In a recent coronavirus update, the toxicologist and forecaster, Chris Martenson suggested that one positive outcome from the current Coronavirus Outbreak might be a reduction in globalisation and the present deeply interconnected state of the global economy and global supply chains.
Maybe we’re going to discover that globalisation wasn’t such a hot idea after all. … If it means that companies and countries rethink this and relocalise a lot of very vital manufacturing, maybe that’s a good outcome. (But…there’s going to be absolutely massive problems in between.)
The coronavirus outbreak has indeed brutally exposed the shortcomings of globalisation and just-in-time supply chains, manufacturing and logistics.
No doubt in the months to come, many will advocate other failed models, principally socialism and communism, as solutions to capitalism’s failures.
This would be a grievous mistake.
Wherever it is implemented, socialism invariably deprives people of not only their economic freedom, but their civil and social freedoms too, while few ideologies have produced more hardship for more people than communism.
Instead, the best models we have for unwinding the worst excesses of globalisation are economic nationalism and mercantilism (of c. 1500-1750).
With a mercantilist international trade model, states would be far more resilient and self-supporting, and we would probably not have seen the massive expansion of population and accompanying resource depletion that we have witnessed under globalisation.
Trade should be free within a country, and subject to tariffs and custom duties without.
Certain production is so essential to the security of the state that it should be protected, and where no producers nationally can be found, the state should be the producer of last resort.
In reality, this would happen only very rarely. Economic nationalists have no interest in states being directly involved in production, but they do believe that states have a role in setting the conditions for all production essential to national security being protected. If contemporary globalisation means that 98% of antibiotics consumed in the United States are produced overseas, then free trade can only be said to have succeeded in reference to certain limited, self-determined aims. It has failed to guarantee the wellbeing and security of the population.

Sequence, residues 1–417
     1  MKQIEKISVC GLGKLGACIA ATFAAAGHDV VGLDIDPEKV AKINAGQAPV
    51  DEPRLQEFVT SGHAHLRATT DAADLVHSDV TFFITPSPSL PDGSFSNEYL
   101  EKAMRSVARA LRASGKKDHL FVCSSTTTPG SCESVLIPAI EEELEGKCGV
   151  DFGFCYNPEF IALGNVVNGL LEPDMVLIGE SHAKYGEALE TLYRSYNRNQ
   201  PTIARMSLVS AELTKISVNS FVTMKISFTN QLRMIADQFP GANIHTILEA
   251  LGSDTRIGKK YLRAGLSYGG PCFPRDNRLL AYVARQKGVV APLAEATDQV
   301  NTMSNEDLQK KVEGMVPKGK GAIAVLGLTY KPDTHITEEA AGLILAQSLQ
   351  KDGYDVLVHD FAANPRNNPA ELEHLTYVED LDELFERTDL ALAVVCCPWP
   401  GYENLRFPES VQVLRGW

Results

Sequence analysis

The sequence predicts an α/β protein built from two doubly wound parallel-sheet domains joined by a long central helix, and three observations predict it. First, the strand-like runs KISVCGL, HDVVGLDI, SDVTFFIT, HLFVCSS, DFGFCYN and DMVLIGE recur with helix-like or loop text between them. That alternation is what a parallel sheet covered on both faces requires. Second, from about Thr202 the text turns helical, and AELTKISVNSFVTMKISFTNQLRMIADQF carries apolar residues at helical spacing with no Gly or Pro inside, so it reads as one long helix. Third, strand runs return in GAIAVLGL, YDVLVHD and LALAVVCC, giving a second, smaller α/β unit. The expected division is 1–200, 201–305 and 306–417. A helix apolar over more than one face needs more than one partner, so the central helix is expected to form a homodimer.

Proponents of free market capitalism will argue that economic nationalism and mercantilism would make the world’s economy less efficient. I would actually agree that globalisation as a system would probably lead to greater economic efficiency and allows for faster technological development. I would disagree that these are fundamental human goods. Globalisation has created states that are less resilient, and more vulnerable to the sort of brutal economic shocks that may well accompany the coming coronavirus pandemic. Even without COVID-19, it will only be a matter of time before a crisis comes along that fully exposes the fragility of the globalist economic model.
The coming US presidential election offers a choice between various economic models: Donald Trump’s economic nationalism, Michael Bloomberg’s globalism, Elizabeth Warren’s socialism, and Bernie Sanders’ communism-wrapped-in-a-socialist-flag.
The coronavirus outbreak is making Donald Trump’s case for him. Trump, Bannon and Navarro’s economic nationalism is being massively vindicated, if not necessarily for the reasons they anticipated. Their 2016 pitch to the American voters, which at the time looked left-field, now looks prophetic. Trump is no shoe-in for 2020, particularly as US public finances are in a terrible state, but he can now at least argue foresight in anticipating strategic economic vulnerabilities for the US economy, and taking some small steps in advance of the present crisis to forestall them and mitigate their impact.
Other leaders of developed nations may not be so lucky. Most have hitched their wagon to the oxen of global free trade.
For some, such as Singapore, this is as a matter of geopolitical necessity; given its limited non-human resources, Singapore has no option, but to champion free and unbridled global trade.
But the prosperity of global hubs such as New York, London, Tokyo and Singapore should never have become the principal driver behind economic policy. What sort of a world is it when farmers are scraping by, struggling with debt and bankruptcy, while bankers go from seven-figure to seven-figure bonus?
If the reaction to the current economic disruption is a little less globalisation and a more nuanced approach to free trade – instead of a full-scale descent into globalism, communism and other totalitarian temptations – the present crisis will have had at least one silver lining to it.
Much will ride on the wisdom of our nations’ leaders.
Author: David McHutchon